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Last Updated: Friday, 9 February 2007, 02:29 GMT
UN appeals against Iraq execution
Former Iraqi Vice-President Taha Yasin Ramadan
Ramadan was originally jailed for life over the Dujail killings
The UN human rights chief has filed an appeal urging an Iraqi court not to sentence one of former leader Saddam Hussein's key deputies to death.

Louise Arbour said executing Taha Yasin Ramadan, Iraqi vice-president until 2003, would violate international law.

Ramadan was jailed for life in November 2006 for his role in the killing of 148 Shia villagers in Dujail in 1982.

But an appeals court ruled that the sentence was too lenient and recommended the death penalty.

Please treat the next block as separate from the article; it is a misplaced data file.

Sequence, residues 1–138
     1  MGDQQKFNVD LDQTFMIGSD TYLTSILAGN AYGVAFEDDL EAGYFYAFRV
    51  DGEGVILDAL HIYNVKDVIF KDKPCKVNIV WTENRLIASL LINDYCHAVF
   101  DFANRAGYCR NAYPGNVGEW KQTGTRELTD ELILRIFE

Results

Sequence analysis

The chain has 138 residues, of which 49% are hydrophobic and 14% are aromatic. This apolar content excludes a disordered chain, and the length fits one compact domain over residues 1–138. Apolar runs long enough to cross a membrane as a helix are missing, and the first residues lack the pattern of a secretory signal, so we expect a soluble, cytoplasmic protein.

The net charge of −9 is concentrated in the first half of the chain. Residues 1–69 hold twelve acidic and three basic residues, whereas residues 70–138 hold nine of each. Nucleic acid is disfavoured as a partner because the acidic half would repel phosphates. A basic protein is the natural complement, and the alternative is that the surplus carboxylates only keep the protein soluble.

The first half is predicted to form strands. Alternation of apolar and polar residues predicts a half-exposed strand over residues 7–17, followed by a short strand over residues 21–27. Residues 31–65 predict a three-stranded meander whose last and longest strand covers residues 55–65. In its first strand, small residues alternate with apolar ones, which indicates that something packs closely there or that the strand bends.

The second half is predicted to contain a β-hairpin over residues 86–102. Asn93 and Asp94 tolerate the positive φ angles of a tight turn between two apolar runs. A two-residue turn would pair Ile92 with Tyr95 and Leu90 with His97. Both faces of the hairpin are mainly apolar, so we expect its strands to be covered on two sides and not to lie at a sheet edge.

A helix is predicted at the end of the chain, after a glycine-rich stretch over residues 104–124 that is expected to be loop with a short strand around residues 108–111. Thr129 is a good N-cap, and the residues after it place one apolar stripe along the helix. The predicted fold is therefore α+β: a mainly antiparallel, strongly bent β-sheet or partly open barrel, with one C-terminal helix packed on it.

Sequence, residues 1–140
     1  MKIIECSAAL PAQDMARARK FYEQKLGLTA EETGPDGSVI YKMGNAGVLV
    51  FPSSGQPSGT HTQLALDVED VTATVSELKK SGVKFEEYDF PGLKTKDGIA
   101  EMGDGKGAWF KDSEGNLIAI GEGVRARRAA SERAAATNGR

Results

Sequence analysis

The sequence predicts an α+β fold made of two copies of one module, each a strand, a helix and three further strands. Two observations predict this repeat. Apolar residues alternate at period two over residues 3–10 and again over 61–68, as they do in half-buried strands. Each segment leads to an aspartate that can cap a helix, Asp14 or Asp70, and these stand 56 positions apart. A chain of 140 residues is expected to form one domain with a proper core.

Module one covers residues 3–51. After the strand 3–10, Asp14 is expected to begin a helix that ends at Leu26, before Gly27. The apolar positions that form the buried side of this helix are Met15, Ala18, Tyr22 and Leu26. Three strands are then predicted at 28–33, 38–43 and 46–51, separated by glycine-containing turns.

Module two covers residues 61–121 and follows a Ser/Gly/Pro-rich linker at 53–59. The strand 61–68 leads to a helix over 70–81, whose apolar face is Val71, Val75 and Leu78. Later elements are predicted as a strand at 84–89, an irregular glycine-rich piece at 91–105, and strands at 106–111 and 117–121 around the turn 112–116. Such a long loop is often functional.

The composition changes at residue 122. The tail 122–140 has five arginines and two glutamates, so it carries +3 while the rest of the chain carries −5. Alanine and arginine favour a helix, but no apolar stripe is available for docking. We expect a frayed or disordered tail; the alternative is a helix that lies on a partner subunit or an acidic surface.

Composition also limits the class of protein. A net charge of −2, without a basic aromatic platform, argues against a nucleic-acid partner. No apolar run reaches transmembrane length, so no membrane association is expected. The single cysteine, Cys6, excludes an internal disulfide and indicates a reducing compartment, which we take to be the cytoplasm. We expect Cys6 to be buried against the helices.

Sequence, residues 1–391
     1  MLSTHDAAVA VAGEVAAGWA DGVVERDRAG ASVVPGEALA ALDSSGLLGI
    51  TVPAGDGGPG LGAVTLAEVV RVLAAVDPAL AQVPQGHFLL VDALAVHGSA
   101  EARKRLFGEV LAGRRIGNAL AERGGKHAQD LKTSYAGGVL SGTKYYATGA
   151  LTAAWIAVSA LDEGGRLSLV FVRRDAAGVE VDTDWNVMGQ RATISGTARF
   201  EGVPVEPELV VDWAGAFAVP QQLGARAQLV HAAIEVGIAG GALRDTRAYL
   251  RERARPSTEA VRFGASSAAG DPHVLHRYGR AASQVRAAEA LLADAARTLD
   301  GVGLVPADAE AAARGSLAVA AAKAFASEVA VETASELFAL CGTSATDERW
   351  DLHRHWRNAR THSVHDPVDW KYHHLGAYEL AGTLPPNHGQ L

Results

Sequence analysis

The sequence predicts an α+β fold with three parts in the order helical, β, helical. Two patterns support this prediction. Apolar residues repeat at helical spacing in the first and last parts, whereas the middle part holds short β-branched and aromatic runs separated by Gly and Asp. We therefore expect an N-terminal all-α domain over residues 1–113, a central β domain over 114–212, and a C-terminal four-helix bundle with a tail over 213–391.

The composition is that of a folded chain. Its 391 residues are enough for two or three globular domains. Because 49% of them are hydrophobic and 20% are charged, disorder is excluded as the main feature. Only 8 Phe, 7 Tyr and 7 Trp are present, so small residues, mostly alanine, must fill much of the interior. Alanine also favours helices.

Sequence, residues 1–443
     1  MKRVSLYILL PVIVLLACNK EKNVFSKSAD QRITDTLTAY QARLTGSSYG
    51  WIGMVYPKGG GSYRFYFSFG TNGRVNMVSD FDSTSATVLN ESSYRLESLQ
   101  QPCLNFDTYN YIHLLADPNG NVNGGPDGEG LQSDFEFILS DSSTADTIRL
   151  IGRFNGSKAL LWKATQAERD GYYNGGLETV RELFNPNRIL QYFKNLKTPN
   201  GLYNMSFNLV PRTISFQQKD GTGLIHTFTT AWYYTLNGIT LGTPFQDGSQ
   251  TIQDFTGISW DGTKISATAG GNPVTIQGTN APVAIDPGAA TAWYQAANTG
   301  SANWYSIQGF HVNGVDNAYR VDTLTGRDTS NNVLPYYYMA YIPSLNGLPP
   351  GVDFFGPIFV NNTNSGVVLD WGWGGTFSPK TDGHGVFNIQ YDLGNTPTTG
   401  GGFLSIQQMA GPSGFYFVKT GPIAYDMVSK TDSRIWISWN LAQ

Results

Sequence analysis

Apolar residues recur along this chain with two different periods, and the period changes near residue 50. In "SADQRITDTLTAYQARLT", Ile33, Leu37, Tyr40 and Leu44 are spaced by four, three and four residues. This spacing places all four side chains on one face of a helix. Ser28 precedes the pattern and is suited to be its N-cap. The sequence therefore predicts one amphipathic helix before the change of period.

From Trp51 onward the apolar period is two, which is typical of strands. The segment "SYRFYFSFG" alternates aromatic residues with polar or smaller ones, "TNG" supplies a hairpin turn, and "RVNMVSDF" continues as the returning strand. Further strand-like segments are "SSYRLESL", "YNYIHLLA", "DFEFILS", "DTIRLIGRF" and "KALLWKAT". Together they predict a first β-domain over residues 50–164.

Iraq's High Tribunal is to make a decision on the case on Monday.

In a brief to the court, Ms Arbour said that sentencing Ramadan to death would "violate Iraq's obligations under the International Covenant on Civil and Political Rights".

The covenant states that a death sentence can only be imposed if the trial and appeals process meet international standards.

Three of Ramadan's co-defendants, including Saddam Hussein, have already been hanged.

Ms Arbour had called for their death sentences not to be carried out.




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